Vendler and Stevens

“Somnambulisma” by Wallace Stevens

On an old shore, the vulgar ocean rolls
Noiselessly, noiselessly, resembling a thin bird,
That thinks of settling, yet never settles, on a nest.

The wings keep spreading and yet are never wings.
The claws keep scratching on the shale, the shallow shale,
The sounding shallow, until by water washed away.

The generations of the bird are all
By water washed away. They follow after.
They follow, follow, follow, in water washed away.

Without this bird that never settles, without
Its generations that follow in their universe,
The ocean, falling and falling on the hollow shore,

Would be a geography of the dead: not of that land
To which they may have gone, but of the place in which
They lived, in which they lacked a pervasive being,

In which no scholar, separately dwelling,
Poured forth the fine fins, the gawky beaks, the personalia,
Which, as a man feeling everything, were his.

Poet/scholar Helen Vendler, the 2004 Jefferson Lecturer in the Humanities, last night gave her address, “The Ocean, the Bird, and the Scholar,” which is as inspiring a defense of the arts as you’re likely to read.

The arts present the whole uncensored human person–in emotional, physical, and intellectual being, and in single and collective form–as no other branch of human accomplishment does. In the arts we see both the nature of human predicaments–in Job, in Lear, in Isabel Archer–and the evolution of representation over long spans of time (as the taste for the Gothic replaces the taste for the Romanesque, as the composition of opera replaces the composition of plainchant). The arts bring into play historical and philosophical questions without implying the prevalence of a single system or of universal solutions. Artworks embody the individuality that fades into insignificance in the massive canvas of history and is suppressed in philosophy by the desire for impersonal assertion.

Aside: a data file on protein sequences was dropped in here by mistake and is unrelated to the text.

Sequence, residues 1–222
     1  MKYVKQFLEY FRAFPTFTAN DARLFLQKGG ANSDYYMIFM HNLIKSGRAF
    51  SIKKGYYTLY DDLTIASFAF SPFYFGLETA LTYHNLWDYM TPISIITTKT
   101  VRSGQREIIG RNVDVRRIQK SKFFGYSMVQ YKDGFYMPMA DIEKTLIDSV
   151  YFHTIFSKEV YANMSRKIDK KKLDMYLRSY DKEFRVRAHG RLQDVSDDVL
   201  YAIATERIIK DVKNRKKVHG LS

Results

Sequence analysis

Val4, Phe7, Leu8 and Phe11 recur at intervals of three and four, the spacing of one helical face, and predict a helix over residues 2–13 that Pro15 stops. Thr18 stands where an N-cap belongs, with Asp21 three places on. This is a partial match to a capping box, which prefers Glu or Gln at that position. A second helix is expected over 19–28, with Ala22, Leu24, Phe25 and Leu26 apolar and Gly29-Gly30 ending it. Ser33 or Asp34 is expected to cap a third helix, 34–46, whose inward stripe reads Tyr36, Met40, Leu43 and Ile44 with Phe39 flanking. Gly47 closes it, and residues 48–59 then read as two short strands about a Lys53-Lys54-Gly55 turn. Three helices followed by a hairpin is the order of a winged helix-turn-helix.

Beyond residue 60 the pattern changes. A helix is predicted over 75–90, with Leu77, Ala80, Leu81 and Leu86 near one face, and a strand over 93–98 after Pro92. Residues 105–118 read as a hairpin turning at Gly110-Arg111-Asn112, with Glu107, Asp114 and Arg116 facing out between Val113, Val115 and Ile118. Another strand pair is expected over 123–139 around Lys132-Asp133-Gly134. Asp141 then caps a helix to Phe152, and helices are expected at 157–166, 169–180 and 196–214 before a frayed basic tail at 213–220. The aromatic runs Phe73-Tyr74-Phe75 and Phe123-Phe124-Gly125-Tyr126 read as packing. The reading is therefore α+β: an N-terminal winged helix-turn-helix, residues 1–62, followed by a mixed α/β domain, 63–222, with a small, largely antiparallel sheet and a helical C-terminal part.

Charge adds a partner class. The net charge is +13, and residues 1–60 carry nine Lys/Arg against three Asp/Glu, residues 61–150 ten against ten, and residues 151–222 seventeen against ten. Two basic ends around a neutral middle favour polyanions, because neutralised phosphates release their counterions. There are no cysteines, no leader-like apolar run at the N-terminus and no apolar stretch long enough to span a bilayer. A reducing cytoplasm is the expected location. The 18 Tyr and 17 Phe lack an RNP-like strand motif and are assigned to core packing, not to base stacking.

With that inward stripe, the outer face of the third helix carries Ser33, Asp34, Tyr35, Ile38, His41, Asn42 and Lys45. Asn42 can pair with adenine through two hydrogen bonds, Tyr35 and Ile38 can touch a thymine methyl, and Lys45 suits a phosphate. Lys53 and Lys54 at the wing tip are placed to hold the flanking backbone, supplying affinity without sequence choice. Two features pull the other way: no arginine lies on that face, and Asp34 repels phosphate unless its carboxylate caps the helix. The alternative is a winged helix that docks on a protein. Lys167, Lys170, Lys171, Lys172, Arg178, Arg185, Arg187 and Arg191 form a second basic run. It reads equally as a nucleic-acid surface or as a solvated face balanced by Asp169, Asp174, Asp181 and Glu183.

The arts are true to the way we are and were, to the way we actually live and have lived–as singular persons swept by drives and affections, not as collective entities or sociological paradigms. The case histories developed within the arts are in part idiosyncratic, but in part applicable by analogy to a class larger than the individual entities they depict. Hamlet is a very specific figure–a Danish prince who has been to school in Germany–but when Prufrock says, “I am not Prince Hamlet,” he is in a way testifying to the fact that Hamlet means something to every one who knows about the play.

Wonderful stuff, and her inclusion of Stevens’ “Somnambulisma” is a brilliant touch.